Labour sticks to its guns - John Key looking for some traction. Just what exactly is National's position on the anti-smacking bill. What is it's bottom line? Is it just a case of Key sitting on the fence - hardly statesmanship material. Could the answer be just a rewrite of Section 59? Any need for new legislation?
Labour sticks to its guns on smacking:
A proposal from John Key for all party talks on the smacking issue has met with a cool response from Labour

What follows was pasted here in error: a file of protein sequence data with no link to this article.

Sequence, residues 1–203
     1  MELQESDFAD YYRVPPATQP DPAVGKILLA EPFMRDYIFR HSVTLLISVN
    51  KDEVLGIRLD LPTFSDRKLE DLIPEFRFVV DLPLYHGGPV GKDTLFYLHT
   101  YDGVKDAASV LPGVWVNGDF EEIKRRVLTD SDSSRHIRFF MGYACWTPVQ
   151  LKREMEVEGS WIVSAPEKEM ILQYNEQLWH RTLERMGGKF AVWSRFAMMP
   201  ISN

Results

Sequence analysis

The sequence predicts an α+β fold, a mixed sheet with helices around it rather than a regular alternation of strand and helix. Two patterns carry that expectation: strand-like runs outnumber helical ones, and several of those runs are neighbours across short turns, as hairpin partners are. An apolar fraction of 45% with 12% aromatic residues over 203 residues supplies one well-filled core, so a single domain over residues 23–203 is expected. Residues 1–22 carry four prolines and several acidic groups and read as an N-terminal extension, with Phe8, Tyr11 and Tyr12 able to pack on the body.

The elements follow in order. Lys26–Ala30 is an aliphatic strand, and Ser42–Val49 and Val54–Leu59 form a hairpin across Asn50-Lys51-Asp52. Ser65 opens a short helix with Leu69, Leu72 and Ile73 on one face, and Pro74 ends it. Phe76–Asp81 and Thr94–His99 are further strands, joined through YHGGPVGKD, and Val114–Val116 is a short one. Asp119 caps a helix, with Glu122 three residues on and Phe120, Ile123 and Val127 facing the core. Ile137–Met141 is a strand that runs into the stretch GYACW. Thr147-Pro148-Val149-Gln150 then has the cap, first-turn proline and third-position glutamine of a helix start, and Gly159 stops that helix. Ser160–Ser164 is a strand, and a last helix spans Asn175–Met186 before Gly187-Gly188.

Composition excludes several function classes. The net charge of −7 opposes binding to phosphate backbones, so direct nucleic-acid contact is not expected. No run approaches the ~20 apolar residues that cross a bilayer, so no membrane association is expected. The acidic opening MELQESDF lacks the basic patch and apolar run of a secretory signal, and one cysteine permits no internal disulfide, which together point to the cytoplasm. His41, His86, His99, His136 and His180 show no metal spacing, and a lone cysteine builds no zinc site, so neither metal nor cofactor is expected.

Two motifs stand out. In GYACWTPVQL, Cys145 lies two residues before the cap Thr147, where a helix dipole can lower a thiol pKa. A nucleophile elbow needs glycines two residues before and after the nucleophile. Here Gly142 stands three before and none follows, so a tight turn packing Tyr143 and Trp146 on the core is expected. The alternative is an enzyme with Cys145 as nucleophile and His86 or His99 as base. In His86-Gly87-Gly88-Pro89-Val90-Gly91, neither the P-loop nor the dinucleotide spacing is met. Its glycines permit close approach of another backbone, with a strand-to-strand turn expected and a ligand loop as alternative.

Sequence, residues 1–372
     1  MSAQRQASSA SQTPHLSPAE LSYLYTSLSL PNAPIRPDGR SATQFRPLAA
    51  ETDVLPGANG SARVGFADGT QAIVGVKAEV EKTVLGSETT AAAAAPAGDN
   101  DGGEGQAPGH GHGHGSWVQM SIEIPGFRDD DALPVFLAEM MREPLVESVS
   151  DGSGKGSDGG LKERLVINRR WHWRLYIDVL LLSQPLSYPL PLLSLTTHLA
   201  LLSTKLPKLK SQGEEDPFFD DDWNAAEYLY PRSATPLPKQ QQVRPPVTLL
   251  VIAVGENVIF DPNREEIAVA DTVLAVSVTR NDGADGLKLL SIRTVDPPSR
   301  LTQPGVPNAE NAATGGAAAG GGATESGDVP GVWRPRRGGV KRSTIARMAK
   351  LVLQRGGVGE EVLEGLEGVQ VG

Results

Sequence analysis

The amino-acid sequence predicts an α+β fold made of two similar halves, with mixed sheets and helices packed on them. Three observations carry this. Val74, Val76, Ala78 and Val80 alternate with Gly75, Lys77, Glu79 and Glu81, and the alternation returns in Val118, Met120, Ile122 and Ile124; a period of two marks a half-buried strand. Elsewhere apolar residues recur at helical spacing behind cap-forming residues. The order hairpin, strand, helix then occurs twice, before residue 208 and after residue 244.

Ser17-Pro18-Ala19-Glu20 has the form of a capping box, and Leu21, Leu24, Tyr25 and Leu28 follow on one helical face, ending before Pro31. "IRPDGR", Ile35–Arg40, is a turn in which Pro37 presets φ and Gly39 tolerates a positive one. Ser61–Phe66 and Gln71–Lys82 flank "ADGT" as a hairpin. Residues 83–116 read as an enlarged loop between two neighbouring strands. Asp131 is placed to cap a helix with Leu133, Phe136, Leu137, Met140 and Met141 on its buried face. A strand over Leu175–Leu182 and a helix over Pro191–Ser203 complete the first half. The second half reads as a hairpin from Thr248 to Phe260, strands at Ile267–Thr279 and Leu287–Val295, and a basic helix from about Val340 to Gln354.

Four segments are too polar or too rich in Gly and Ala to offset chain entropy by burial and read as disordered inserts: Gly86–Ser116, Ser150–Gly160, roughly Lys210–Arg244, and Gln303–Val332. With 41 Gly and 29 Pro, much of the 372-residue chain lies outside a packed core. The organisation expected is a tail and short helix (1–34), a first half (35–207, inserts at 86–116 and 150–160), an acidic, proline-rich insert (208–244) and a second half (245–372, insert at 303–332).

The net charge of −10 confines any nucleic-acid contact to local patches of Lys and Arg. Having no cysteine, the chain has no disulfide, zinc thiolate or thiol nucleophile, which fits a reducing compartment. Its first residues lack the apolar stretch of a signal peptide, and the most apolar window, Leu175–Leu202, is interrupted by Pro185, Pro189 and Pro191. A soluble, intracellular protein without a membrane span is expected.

18 April 2007 Labour remains convinced Sue Bradford's bill aimed at preventing violence against children is the best option on the table.It, along with the Greens, has been challenged by National Leader John Key to a round table discussion to find a solution to the contention over the repeal of section 59 of the Crimes Act.Cabinet Minister David Benson-Pope describes National's suggestion as confusing and vague, but says it does appear John Key's position now mirrors that of the Government. He says it is time Mr Key got off the fence, showed leadership, and sent some real messages to New Zealanders about his party's attitude to violence.He says it is up to John Key to provide a better idea than that reached by the Select Committee which has worked on the Bradford bill. And he has taken the unusual step of commenting on a live criminal case to prove his point.A Timaru woman, previously acquitted for using a horsewhip to discipline her son, is back before the Courts again. Her case has been consistently cited by supporters of the Bradford bill. This time she and her husband are charged with assaulting her second eldest son.David Benson-Pope says the case highlights the connection between violence against young people and family violence.For his part, the National leader is stopping short of saying his party would repeal the law if it wins the 2008 election. However he says they would pay close attention to a referendum, if the Bill's opponents manage to muster the numbers for one.But Mr Key says it is difficult to commit to being completely bound by a referendum, as they do not know what support partners might bring them into Government, and what their views on the issue might be.United Future has chimed in as well, describing the olive branch being offered by National as commonsense. Leader Peter Dunne says the move might just provide a way through what has become a bitter and polarised debate.He says he would be keen to be involved in the process but believes it should be restricted to political parties only, with no involvement from lobby groups.